Lack of rain affecting water levels at Reelfoot Lake, Mississippi River
Posted: Friday, December 7, 2012 9:05 pm
By: By Brent Callicott
Warm weather has brought better chances of rainfall to the area over the last few days and should help keep things moist through this weekend and into the first of next week.
On Tuesday, I received around one inch of rainfall at my home with some parts of the county receiving in the half-inch range. Several areas in West Tennessee was near the one-inch mark as well. More rain is predicted this weekend with better rains early next week. Any rain that falls is welcomed by all, especially the waterfowl hunters.
Every drop of rain that falls into Reelfoot Lake will help with the water levels. It still remains close to 20 inches below the normal lake level. Long-range weather forecast is showing above normal precipitation over the next few weeks and into the winter months. It only takes one or two good storm systems to move through with rain once the ground has good moisture levels near the top to allow runoff.
Not only have the water levels in Reelfoot Lake been affected by the lack of rainfall, one of the largest freshwater bodies of water in the world has also been affected, the Mississippi River.
It was during the spring of 2011, when a large part of the Mississippi Valley was hit with major flooding. Do you remember how things were before that flooding took place and how quickly things changed? However, ongoing drought over much of the basin since the spring of 2012 has turned concern around 180 degrees.
So far this year, we are now close to the 33-inch mark for rainfall in the Obion County area in general. I have seen since around mid-June, 21.62 inches of rainfall at my home. Last year at this time we were near the 66-inch mark in total rainfall for 2011.
Battles continue to heat up over water management of the Mississippi River and some of its tributaries, but not for flood control. The issue now is how the little water that is left is shared.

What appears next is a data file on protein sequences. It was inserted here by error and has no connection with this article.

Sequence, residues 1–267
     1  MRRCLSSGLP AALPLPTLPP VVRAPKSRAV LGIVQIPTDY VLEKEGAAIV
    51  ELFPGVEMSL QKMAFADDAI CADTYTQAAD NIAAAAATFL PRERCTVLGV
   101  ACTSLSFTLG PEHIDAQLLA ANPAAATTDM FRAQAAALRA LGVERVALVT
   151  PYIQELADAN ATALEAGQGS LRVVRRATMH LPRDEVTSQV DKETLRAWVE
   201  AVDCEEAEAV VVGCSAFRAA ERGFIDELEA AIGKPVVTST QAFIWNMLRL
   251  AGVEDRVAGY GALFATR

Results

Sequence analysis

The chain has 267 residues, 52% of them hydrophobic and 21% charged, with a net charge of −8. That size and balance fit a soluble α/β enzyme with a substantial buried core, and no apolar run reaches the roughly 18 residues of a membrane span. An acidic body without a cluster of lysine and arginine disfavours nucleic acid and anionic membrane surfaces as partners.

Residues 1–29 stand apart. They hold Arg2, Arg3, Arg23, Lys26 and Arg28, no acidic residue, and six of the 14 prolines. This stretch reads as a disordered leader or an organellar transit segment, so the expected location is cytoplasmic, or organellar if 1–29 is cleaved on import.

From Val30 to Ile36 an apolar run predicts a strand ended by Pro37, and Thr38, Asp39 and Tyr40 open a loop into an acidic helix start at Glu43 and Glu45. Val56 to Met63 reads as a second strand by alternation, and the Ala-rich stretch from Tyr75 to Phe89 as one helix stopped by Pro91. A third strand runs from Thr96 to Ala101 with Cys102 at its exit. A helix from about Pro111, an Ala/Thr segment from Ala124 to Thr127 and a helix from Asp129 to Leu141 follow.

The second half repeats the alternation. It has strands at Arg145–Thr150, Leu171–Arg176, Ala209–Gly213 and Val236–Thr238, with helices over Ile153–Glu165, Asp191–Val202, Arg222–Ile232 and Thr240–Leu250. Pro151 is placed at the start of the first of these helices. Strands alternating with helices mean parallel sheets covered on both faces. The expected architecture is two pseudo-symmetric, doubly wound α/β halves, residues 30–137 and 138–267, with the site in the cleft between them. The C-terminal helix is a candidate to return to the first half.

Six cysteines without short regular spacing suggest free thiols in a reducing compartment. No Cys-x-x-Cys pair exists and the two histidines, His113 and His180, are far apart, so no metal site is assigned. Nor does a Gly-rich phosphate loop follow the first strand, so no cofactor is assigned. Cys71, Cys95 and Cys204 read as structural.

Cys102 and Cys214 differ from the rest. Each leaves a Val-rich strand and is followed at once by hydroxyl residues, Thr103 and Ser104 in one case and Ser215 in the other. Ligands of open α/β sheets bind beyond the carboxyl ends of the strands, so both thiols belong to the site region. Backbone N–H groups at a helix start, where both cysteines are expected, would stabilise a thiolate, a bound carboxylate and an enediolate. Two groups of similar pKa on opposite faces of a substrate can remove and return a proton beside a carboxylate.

Water levels for much of the winter are likely to continue to plunge over much of the Mississippi River, especially north of the Ohio River confluence. The low water levels will not only impact the local economy along the river, but perhaps on a national basis as well.
During the summer, Mississippi River levels challenged half-century lows at a number of locations. While slight recovery occurred during the first part of the fall, river levels are again on their way down and could challenge record low marks. A large portion of the Mississippi River, north of the Ohio River gathers its moisture from the Great Plains and the Upper Midwest, which is experiencing severe to exceptional drought.
From a hydrological standpoint, the forecast clipper pattern would likely not be enough to contribute to much runoff come spring over the Plains and the upper Mississippi River.
During times of drought, or when high flow rates create sand bars, the Corps will dredge or blast rock away from the Mississippi River bottom to keep the main channel open.
Reservoir levels over the Missouri Basin are also being impacted by the drought also. The reservoirs are running below-average for this time of the year. The Missouri River feeds into the Mississippi River at St. Louis.